The initial installment also introduces the Sapphire Radeon HD 4850 X2 2GB. Though we expected AMD to push the 4850 X2 out in the same way they launched the 4870 X2, we've only seen one version of the 4850 X2 hit the scenes late last year from Sapphire. In light of what we've seen, we are rather surprised that we haven't seen more fanfare behind this part from either AMD or other board makers. The lighter weight X2 competes more directly in price and performance to the GeForce GTX 280/285, and really fills out the lineup for AMD. Overall, the increased RAM in the 4850 X2 2GB enables great performance scaling even at resolutions the 512MB 4850 can't come close to handling.

As for the topics we'll cover, our interest will focus on scalability of the multiGPU solutions and the relative value of the same. Before jumping into the numbers, we'll cover the metrics we use to analyze our data. First, we'll look at scaling and talk about the big picture. Then we'll talk about what we've done to calculate a value comparison.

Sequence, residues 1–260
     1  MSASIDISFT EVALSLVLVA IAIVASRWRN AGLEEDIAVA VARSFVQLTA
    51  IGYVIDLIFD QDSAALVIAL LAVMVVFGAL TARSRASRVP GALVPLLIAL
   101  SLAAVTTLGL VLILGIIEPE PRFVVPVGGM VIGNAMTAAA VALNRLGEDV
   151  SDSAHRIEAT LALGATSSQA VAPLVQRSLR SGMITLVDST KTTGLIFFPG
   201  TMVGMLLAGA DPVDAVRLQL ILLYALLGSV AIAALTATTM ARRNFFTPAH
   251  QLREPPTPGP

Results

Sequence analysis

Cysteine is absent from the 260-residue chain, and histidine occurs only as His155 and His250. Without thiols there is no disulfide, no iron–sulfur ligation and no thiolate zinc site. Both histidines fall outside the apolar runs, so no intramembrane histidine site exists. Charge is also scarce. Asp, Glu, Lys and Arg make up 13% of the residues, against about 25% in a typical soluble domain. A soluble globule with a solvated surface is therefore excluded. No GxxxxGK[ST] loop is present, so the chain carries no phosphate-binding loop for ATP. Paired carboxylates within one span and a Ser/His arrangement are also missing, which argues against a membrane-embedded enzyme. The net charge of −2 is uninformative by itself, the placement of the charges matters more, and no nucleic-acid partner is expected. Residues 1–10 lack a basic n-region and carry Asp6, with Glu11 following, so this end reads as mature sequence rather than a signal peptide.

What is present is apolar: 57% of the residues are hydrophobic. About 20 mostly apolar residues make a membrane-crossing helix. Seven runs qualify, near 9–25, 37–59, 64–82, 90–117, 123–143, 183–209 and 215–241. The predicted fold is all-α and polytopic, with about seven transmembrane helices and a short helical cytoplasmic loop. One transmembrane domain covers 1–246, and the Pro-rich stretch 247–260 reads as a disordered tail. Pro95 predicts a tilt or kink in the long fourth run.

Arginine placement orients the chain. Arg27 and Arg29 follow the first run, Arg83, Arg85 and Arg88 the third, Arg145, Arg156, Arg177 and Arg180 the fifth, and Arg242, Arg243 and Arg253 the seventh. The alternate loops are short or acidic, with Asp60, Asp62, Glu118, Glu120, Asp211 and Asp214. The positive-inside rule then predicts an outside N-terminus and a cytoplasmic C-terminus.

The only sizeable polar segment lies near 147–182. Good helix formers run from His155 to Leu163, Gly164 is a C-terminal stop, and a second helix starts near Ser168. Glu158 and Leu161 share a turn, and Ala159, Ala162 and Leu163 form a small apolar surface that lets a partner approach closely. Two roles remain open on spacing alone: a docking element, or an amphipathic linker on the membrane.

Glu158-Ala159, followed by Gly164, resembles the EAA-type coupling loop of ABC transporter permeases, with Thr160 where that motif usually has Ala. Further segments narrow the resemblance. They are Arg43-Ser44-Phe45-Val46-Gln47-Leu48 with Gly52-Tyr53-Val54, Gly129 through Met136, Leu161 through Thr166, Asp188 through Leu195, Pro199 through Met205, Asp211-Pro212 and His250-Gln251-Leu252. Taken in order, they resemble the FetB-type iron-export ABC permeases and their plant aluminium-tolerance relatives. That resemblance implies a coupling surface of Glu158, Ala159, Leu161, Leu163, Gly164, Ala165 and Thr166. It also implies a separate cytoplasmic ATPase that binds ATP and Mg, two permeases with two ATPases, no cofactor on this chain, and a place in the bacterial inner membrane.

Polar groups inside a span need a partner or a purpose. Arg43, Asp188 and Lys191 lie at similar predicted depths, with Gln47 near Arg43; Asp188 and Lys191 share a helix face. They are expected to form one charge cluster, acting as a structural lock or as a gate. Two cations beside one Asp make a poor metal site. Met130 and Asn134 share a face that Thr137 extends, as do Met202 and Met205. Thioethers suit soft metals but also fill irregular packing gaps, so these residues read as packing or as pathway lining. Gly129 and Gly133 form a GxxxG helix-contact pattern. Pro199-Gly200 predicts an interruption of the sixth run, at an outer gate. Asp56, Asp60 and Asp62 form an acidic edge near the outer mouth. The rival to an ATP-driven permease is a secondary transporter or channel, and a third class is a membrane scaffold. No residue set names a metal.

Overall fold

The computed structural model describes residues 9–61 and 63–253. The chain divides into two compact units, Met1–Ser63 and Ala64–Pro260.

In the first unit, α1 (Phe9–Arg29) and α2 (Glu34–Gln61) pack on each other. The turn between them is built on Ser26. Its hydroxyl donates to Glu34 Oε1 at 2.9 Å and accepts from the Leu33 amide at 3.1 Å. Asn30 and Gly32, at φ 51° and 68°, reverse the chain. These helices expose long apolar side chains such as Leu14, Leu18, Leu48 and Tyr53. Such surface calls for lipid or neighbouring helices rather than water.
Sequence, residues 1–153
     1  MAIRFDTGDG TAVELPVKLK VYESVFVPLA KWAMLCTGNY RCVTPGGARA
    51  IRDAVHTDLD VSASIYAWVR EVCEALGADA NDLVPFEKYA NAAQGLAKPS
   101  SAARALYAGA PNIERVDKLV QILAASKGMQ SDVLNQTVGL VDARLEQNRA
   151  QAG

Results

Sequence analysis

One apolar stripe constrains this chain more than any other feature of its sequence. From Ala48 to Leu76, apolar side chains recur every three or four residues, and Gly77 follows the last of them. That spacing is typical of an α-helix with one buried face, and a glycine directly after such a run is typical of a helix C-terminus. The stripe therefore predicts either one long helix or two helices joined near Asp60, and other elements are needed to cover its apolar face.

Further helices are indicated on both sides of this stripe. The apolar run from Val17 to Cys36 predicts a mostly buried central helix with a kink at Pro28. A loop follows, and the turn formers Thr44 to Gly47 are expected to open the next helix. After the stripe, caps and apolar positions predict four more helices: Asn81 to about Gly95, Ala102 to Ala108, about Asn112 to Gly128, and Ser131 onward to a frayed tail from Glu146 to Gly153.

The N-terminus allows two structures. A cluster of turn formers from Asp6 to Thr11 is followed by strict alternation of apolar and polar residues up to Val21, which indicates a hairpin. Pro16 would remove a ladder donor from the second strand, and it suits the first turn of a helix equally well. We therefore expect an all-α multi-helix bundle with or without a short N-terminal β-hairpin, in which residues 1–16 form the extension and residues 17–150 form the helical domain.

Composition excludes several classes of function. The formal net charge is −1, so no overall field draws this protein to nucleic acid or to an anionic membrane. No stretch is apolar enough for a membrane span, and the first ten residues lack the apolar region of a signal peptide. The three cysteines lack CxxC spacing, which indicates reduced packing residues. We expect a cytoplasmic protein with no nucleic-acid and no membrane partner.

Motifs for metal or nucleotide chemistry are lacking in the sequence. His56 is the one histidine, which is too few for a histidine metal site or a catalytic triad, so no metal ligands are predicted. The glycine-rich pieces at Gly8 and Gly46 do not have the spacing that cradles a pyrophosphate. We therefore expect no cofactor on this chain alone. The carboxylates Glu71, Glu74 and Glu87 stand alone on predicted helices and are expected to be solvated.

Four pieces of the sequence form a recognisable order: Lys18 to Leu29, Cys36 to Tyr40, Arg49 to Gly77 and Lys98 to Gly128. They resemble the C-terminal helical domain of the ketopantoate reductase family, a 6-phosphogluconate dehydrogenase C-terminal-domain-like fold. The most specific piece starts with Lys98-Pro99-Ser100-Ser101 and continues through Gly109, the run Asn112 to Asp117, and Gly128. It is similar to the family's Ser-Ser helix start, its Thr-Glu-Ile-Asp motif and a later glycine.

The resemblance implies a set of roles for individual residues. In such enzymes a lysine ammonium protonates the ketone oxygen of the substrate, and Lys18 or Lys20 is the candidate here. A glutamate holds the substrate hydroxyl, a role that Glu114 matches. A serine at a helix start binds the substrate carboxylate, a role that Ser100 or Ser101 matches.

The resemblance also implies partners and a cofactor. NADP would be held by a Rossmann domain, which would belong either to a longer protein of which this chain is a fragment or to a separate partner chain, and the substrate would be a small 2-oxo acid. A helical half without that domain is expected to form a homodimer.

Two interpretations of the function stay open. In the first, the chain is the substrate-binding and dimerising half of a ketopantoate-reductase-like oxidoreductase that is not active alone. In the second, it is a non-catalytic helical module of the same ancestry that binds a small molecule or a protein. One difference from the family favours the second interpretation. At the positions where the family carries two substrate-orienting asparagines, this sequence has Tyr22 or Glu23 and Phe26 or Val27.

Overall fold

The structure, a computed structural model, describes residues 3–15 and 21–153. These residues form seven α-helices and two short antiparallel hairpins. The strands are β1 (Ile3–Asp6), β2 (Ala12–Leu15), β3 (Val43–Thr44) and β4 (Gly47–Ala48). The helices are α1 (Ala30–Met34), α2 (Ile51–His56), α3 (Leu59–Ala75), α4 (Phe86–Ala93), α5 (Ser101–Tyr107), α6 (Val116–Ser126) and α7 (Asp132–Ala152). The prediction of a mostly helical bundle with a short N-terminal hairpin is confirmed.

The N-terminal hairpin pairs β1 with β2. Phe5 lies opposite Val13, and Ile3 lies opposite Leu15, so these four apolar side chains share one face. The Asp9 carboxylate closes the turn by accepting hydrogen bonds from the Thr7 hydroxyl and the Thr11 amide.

Who Scales: How Often?


View All Comments

  • MamiyaOtaru - Tuesday, February 24, 2009 - link

    So we have to be perfect in every way to point out errors? NBA players shouldn't listen to their coaches because their coaches can't play as well as they do? Game reviewers shouldn't trash a game because they couldn't make a better one? Reply
  • ggathagan - Tuesday, February 24, 2009 - link

    When it comes to grammatical errors as insignificant as the ones pointed out, yes.
    If you're going to be that critical, then you best check your own grammar.
  • cptnjarhead - Wednesday, February 25, 2009 - link

    Grammar shmammar, you guys need to move out of your mom’s basement and get laid. :)
  • bigboxes - Wednesday, February 25, 2009 - link

    +1 Reply
  • stym - Monday, February 23, 2009 - link

    I am curious to see how a pair of radeon 4830 would perform in this lineup. A single one is quite weak at those resolutions, but I am willing to bet a pair of those would hold its own against a single GTX280.
    Oh, and it would be much cheaper, too ($180 including the bridge).